And his sister – a self-proclaimed full-blown member of the Introvert Society, is finding out that maybe that’s not quite true. The missing of social interaction is showing in her, as well. A weekend of “I’m going to just get the rest of this schoolwork done!” turned into a weekend of naps and headaches and very little drive to “just get the rest of it done.” And I know, in both cases, they will get it done. Or if they don’t, that, really, it probably won’t matter – how do you punish a student for not being able to handle the sudden thrust of a quarter’s work of work into their gloved and over-washed hands. You really can’t. Can you? I’m actually kind of relieved she didn’t finish. The idea that she would be done with the school portion of this adventure had me slightly panicked about what-in-the-world she would do once that was off her plate. There’s also the low key panic of whether she will get to move out this summer and start the next chapter. She’s desperate to start something – and she needs to. Just today we settled on an apartment versus a dorm – something I would have never picked for a college freshman, but with the uncertainty of dorms even being a thing come fall, we felt like an apartment would give her the best chance to leave the nest. Yes, I can see where she would be cracking.

You know who’s doing great? You know is absolutely living her best life ever? My dog, Kylo. Not both dogs, mind you – Finley has been over it for weeks, lying down with a huff and offering input about the noise level anywhere in her “I’m trying to nap” vicinity, which is all over the house at all times. Kylo, however, has lost her cookies with glee. Somehow, she has gotten us on a schedule. The morning starts with her dancing around our bedroom with some stolen item from somewhere in her mouth – parading this gift she’s brought us with pride. Parading around her sister – who is likely on her back waiting for a wake up belly rub. Throughout the day, Kylo appears in front of various family members with a ball/frisbie/stuffed cow/sock/envelope/Nerf Dart in her mouth, urging her audience outside. For me, it’s at 3:30pm sharp. I don’t know why 3:30pm. It just is. And she not only brings a toy – she also brings our youngest cat, who, evidently, also took the ‘learn something new’ advice and has opted to learn how to chase fetch balls right along with the dogs who outweigh her forty-five pounds. That’s the spirit.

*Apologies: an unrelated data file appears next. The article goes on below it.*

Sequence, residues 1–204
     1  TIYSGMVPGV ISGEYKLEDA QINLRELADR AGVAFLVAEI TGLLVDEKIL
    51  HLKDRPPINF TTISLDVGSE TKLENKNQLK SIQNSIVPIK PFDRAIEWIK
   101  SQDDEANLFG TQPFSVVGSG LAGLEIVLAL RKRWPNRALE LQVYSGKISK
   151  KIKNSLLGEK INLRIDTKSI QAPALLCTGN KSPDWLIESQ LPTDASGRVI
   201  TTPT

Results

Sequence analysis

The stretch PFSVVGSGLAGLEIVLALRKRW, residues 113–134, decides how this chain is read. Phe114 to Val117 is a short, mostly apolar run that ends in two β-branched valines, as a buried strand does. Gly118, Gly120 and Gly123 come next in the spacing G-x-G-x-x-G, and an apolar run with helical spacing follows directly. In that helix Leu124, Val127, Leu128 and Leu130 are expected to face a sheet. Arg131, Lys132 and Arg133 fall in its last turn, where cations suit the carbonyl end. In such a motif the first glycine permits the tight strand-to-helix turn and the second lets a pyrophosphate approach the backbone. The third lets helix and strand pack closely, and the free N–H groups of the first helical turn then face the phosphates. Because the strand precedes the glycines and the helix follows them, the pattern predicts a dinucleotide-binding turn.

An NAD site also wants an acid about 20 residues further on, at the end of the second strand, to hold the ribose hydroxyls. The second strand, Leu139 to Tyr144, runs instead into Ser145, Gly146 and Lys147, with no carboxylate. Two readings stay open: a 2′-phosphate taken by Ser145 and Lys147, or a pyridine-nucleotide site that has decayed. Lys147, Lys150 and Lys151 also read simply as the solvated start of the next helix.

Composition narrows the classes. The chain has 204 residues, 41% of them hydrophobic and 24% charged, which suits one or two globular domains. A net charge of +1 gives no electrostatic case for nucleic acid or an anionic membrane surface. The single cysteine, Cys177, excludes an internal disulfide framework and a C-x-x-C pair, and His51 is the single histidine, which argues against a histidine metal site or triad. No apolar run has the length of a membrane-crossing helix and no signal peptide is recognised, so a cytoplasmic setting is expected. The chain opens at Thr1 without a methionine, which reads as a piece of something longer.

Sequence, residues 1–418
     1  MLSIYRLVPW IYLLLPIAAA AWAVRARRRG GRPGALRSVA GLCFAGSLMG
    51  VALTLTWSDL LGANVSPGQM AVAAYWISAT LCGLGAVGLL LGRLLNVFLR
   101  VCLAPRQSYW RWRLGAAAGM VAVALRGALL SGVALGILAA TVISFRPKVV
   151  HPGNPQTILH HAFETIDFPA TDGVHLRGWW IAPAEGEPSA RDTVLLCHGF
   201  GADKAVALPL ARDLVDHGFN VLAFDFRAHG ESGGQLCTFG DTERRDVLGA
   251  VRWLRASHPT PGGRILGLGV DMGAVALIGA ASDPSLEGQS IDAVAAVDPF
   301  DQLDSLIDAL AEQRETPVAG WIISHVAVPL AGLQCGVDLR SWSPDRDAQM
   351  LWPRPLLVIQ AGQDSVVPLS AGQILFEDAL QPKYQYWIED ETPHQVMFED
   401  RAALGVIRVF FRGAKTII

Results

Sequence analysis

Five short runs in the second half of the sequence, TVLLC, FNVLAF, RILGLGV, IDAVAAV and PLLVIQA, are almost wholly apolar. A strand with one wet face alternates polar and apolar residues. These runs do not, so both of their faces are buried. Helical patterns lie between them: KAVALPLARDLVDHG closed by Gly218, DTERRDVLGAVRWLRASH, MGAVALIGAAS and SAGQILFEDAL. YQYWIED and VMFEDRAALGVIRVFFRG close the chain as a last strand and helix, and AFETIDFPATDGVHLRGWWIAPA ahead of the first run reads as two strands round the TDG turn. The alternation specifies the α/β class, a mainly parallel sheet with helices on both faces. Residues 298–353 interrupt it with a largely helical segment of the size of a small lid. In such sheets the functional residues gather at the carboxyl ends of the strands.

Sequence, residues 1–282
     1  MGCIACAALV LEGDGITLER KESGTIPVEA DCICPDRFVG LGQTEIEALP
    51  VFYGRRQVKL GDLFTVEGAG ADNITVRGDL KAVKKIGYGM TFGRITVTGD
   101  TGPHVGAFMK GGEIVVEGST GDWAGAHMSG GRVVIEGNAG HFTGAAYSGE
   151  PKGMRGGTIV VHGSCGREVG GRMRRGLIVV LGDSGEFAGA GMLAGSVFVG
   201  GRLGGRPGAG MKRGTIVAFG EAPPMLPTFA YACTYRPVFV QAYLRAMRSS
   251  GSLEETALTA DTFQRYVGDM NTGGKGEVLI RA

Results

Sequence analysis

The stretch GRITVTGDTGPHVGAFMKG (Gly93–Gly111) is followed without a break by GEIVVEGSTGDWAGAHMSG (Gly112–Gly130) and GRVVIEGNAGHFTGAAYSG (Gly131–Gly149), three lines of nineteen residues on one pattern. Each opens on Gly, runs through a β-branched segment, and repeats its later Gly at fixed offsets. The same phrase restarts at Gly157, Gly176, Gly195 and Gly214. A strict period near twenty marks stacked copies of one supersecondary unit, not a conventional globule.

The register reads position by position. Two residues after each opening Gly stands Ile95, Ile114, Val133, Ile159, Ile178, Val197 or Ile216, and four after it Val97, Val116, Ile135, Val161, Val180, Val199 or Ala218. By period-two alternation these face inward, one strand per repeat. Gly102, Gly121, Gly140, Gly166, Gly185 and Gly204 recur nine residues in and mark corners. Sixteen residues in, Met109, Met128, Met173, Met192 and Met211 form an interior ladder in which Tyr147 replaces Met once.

I am an extrovert. I live for the fuel that visits and conversations with others give me. I have my Kroger peeps, my Target peeps, the mailman, the Wawa lady, the Bon Chon kids – well, the list goes on. We generally run into at least three people I know when out erranding, sometimes sending the family into a frenzy of eye rolls and ‘hurry up’s!’ Rich is always slightly amazed (or baffled? Perhaps concerned) that I know so much about so many of the retail and food service workers in the Ville (What are you making? Oh, a wedding gift for the fish counter guy at Kroger? Oh, of course you are). I collect people like some collect (oh, I started that and then just realized I don’t actually know what people collect anymore), um something.

I miss that fuel! I long for it! The key will be finding a way (eventually) to refuel without re-over-scheduling my days, as they were so often before. The key is to keep finding ways to supplement that fuel with the people that are right here in this house. Our outdoor time, our television nights (The League), our lengthening dinners (nobody eats and aborts anymore, we all hang out for 20, 30, 40 minutes after discussing mostly random topics), our arts & crafts time – all contribute to that tank that emptied at the start of isolation. And I don’t want to forget that. Yet also long for other options.

We will celebrate our anniversary in Raleigh – curbside at the Angus Barn. A three hour trek for take out that I’m both super excited about and weirdly tentative. I’ve basically been to three places in the last six weeks: picking up groceries, picking up prescriptions and Lowe’s – and never more than ten miles from my house. So, yes, it does feel odd to know that we’ll be driving away from this cocoon, away from all of our preparations and routines. It feels odd and scary and ‘should we do this?’ It feels odd to know we’ll be flying down 95, packed car, off to do something very non-essential.

Yet, also very essential.

Because, maybe we’re all cracking just a bit.